Macron resists and insists Netanyahu attack Rafa

French President Emmanuel Macron, in a phone call with Israeli Prime Minister Benjamin Netanyahu on Wednesday, stressed the need to “open the port of Ashdod and the direct land route from Jordan and all crossings” for humanitarian aid to the Gaza Strip.

Netanyahu replied to Macron during the conversation: “We will fight until complete victory, and that includes a strong operation in Rafah, after we allow civilians to leave the war zones.”

A humanitarian disaster

Macron “expressed France's firm opposition to the Israeli attack on Rafah, which would lead to a humanitarian disaster of unprecedented scale, as happens with every forced displacement of people, which would be a violation of international humanitarian law and would increase the regional risk. Escalation,” it said. In a statement released by the Elysee Palace.

“It is essential to reach without further delay a cease-fire agreement guaranteeing the safety of all civilians and the entry of large-scale emergency aid,” the French president stressed.

The French president stressed the need to “stop” Israeli military operations in the besieged area because the “human toll and the humanitarian situation” had become “unbearable”.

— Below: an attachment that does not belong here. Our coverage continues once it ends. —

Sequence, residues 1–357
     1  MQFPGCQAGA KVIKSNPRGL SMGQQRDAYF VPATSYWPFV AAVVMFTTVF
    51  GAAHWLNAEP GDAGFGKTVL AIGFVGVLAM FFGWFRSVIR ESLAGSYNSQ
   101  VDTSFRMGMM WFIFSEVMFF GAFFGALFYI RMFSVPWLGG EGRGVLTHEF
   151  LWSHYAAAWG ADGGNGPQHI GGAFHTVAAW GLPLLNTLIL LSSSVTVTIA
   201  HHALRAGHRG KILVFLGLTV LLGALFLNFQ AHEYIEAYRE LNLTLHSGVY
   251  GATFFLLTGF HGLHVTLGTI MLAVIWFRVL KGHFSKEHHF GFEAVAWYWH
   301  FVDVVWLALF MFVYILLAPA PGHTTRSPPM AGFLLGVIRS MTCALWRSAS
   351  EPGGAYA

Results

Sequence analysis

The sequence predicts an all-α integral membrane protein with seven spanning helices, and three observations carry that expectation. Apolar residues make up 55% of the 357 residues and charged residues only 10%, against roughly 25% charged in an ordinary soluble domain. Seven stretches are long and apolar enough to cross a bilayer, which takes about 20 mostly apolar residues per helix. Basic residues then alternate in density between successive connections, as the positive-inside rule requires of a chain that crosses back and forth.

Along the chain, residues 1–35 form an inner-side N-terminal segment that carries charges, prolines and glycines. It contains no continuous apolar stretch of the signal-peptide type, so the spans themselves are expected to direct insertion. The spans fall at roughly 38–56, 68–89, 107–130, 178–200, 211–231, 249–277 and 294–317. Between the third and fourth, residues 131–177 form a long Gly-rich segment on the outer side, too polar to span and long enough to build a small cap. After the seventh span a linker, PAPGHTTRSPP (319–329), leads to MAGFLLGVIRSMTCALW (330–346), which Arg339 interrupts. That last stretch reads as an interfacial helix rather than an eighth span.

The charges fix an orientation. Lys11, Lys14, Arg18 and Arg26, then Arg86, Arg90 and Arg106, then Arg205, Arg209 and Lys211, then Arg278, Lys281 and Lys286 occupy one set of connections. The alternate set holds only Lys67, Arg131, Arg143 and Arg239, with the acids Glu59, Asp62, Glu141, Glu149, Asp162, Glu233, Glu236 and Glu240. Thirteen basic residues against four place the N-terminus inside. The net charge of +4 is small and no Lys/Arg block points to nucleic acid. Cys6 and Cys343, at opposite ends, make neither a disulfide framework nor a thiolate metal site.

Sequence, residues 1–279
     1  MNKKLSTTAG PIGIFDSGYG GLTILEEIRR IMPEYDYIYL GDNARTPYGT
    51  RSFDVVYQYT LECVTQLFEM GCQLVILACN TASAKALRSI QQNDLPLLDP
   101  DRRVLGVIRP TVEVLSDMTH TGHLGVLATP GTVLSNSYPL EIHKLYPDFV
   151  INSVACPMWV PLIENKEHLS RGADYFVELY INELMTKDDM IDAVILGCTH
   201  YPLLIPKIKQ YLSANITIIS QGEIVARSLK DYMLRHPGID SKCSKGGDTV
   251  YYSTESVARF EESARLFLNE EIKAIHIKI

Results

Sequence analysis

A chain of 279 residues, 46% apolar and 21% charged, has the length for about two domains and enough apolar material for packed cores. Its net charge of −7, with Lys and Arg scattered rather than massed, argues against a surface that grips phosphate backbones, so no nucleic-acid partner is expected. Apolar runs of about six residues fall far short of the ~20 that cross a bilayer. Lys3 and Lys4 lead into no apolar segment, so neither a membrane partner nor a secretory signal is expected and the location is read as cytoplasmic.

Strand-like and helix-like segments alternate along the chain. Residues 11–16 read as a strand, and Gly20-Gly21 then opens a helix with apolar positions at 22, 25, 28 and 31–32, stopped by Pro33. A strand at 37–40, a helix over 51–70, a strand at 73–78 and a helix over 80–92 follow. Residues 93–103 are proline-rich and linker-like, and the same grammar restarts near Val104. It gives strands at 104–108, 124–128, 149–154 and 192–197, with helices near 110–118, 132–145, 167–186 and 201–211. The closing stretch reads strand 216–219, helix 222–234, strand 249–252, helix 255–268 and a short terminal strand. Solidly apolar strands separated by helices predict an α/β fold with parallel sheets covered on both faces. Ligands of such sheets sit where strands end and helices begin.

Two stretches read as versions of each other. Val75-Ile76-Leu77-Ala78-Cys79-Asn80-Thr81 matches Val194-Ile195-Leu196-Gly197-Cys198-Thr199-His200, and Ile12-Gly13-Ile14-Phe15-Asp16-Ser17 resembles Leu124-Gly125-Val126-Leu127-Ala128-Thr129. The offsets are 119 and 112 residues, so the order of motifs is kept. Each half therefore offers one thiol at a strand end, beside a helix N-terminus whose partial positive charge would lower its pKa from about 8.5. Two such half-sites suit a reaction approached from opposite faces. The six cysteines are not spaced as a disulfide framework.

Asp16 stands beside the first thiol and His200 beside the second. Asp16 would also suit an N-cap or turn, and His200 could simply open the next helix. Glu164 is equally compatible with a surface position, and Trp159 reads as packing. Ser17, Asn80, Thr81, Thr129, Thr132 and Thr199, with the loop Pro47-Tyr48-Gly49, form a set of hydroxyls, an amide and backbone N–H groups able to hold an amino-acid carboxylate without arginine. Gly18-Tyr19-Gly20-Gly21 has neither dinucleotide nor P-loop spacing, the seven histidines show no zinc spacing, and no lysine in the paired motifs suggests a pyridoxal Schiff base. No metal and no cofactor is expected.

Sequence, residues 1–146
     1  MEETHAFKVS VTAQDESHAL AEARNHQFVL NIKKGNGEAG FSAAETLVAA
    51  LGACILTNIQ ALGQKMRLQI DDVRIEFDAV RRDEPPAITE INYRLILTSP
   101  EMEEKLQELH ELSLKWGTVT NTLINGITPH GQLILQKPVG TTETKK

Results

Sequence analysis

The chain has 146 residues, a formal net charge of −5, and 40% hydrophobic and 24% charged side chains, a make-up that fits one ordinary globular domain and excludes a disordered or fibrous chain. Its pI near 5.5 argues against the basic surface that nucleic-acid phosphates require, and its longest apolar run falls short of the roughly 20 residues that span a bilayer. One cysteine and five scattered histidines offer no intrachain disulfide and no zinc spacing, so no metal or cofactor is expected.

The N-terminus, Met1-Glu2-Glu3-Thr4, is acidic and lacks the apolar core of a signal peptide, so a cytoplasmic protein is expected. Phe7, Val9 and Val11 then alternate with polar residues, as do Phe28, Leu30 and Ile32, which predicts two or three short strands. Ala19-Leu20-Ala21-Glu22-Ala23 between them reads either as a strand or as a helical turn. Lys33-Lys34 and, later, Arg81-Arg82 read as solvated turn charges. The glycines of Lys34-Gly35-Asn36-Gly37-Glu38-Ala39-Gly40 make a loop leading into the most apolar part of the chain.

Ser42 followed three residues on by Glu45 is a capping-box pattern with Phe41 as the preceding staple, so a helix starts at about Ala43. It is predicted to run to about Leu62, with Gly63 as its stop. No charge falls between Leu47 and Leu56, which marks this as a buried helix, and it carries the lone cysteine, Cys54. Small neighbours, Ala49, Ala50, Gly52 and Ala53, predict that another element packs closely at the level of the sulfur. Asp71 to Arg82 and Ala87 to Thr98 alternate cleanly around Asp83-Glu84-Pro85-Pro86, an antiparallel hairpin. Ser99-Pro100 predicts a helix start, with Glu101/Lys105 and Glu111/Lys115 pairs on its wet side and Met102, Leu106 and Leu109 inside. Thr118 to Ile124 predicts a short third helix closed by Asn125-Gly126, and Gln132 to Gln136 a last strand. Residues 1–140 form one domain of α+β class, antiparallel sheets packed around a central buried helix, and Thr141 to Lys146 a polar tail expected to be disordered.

He called for the “opening of the port of Ashdod and a direct land route from Jordan” to aid the Gaza Strip, adding that the lack of humanitarian aid was “unjustifiable”.

Halevy opposes the cessation of hostilities

But Netanyahu's response to Macron is not the only confirmation that Israel continues its operation in Rafah despite all international warnings. Israel Public Radio reported on Wednesday that Israeli army chief Herzi Halevi expressed his opposition to a long-term “cease of hostilities” as part of a possible deal with Hamas.

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The radio pointed out that Halevy expressed this position during the last session of the Israeli government, and stressed that, based on operational considerations, “a long-term suspension of the war on Gaza would affect the war against Hamas and could prolong the war for years.”

According to the report, Halevy said in a closed session of the government meeting: “We are at war speed. Once we stop military operations, Hamas will act as if there is more time. Then we can enter the fighting. It can go on for years instead of months, and the process will drag on.” .

Halevi pointed out that his position does not mean that the Israeli army “doesn't know how to return to fighting.” He said: “We will do it because it is very important to us, but it will be very difficult.” Note that the proposal discussed with the mediators suspends hostilities for a period of 6 weeks during the first phase of a possible agreement.

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